I managed fairly well until halfway through mile 23. There was no trail, and the fog had gotten really bad. I had been inching my way along looking for cairns or pink flagging. I got to the top of one hill, found a pink flag, and could not see another flag no matter which way I looked. I walked as far as I could in several directions without losing sight of the flag at the top of the hill, with no luck. I finally decided that the course probably kept going down the opposite side of the hill that it had gone up, and headed down, hoping to find a flag at some point. I didn't. After walking downhill for some time and not seeing a flag, I decided to go back to the top of the hill where I knew there was a flag, and try again. I had gotten almost back up to the top of the hill, and saw a dog coming towards me out of the fog, from across the hill to my left. I sidehilled in the direction the dog had come from, and found his people. They were the course sweepers. They were also picking up all the flagging and were heading down the hill I was going back up. They had already picked up the flag I was looking for.
I had been doing fine as far keeping myself under control and focused on the job until that point. But when I realized all that, I was just overwhelmed. Not only was I happy to see them, I also realized that if their dog hadn't found me, they would now have been ahead of me, REMOVING THE FLAGS I NEEDED TO FOLLOW. I would then have been well and truly lost. At that point, my throat completely closed up, I had to fight to not cry, and that was it. My confidence was gone.
I followed them the rest of the way through the domes and the fog. There were times that it took all 3 of us to find the flags, with one person standing as far as they could from a flag while still being able to see it, and another person going far enough that they could just barely see the person that could see the flag. Even with that, it still sometimessed took several minutes to find the next flag. There was no way I could have found my way through the rest of the domes by myself. The fog was just too dense. In addition, by that time, I was exhausted mentally, and really struggled to keep going at all. As we came closer to the checkpoint at mile 30, and down off the domes, the fog dissipated and at one point, the sun even came out. I really wished it had been sunny for my trip across the domes. I think I would have done much better.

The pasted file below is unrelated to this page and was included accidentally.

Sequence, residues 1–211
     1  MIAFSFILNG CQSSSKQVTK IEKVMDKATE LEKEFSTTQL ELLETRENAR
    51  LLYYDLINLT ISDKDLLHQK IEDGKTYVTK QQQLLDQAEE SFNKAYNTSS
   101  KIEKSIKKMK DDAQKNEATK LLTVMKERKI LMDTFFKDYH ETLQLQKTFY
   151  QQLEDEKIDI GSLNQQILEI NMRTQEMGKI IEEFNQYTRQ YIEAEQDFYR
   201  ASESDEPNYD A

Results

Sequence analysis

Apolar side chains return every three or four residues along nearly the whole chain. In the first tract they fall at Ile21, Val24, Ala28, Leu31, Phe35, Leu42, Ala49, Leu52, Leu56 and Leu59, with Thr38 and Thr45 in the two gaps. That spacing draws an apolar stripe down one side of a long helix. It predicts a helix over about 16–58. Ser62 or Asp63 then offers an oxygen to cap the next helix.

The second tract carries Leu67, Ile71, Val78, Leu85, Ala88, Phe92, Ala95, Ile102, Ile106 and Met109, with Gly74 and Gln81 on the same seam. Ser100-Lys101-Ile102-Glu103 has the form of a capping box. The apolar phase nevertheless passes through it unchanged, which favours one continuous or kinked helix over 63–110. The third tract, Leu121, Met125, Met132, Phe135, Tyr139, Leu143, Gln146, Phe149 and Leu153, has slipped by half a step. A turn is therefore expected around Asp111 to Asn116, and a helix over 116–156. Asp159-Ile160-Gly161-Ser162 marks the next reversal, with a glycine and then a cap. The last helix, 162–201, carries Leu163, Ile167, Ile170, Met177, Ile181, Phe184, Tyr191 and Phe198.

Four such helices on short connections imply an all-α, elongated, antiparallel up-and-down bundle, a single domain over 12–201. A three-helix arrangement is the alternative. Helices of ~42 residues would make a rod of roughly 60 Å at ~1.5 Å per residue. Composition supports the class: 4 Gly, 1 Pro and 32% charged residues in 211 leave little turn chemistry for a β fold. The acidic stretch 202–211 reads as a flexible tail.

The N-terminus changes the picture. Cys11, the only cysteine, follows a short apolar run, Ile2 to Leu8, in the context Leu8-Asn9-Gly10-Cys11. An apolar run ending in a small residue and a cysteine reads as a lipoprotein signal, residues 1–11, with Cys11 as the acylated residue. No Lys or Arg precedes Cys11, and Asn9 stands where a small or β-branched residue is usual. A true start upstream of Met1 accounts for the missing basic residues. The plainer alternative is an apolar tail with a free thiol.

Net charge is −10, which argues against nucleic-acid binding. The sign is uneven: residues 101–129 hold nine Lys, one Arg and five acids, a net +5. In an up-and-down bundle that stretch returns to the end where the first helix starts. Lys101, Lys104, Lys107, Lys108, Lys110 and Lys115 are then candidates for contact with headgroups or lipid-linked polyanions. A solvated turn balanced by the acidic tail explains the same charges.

I got to the mile 30 checkpoint with about 2 hours to get to the mile 42 cutoff. If I had been running on a smooth surface, with fresh legs, I could have made it. On a rocky 4 wheeler track on tired legs, and a more tired brain, I knew I couldn't make it in time, so I decided to scratch. It turned out that Travis, who at the start of the domes was only a few minutes ahead of me, but got to the mile 30 aid station an hour ahead of me, wound up missing the cutoff at mile 42 by one minute, so i'm pretty sure I could not have made it. In total there were 8 people that DNF'd. I got a 4 wheeler ride down the trail to the road. Just the 4 wheeler ride took almost an hour. I got a ride to the finish, where my family was waiting. I was at the finish when Travis arrived. He reported that because of all the rain, the stretch of trail between the mile 40 and mile 42 checkpoints had standing water up to his chest that he had to swim across. That made me sort of glad I didn't attempt it.
Only two things that I think should have been managed differently. First, more flagging!! That fog can get really dense! Second, the aid station volunteers had radios. And I really think the sweepers should have waited till everyone had checked into the aid station ahead before removing the flagging. If I hadn't found the sweepers, I would have needed that flagging to find my way out of the soup.
There were also things that I could have managed differently. I needed more practice on hills. And I need to work on navigating difficult terrain in general. I go really slowly when the footing is uncertain. I think I'm just pretty risk adverse. I think I need to work on building confidence so I can move more quickly across difficult terrain. That will just take time and practice.
Overall, it was really a fun race, at least the parts that I did. I think I would have done much better if the weather had cooperated. I really hope the weather will be better next year. I'm determined to finish next year.